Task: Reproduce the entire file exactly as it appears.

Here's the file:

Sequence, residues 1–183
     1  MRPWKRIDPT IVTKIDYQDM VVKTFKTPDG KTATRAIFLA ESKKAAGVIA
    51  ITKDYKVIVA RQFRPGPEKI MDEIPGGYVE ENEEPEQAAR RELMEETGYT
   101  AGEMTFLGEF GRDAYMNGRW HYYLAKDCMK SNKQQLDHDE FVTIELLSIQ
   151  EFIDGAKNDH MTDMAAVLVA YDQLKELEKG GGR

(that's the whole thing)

Sequence, residues 1–183
     1  MRPWKRIDPT IVTKIDYQDM VVKTFKTPDG KTATRAIFLA ESKKAAGVIA
    51  ITKDYKVIVA RQFRPGPEKI MDEIPGGYVE ENEEPEQAAR RELMEETGYT
   101  AGEMTFLGEF GRDAYMNGRW HYYLAKDCMK SNKQQLDHDE FVTIELLSIQ
   151  EFIDGAKNDH MTDMAAVLVA YDQLKELEKG GGR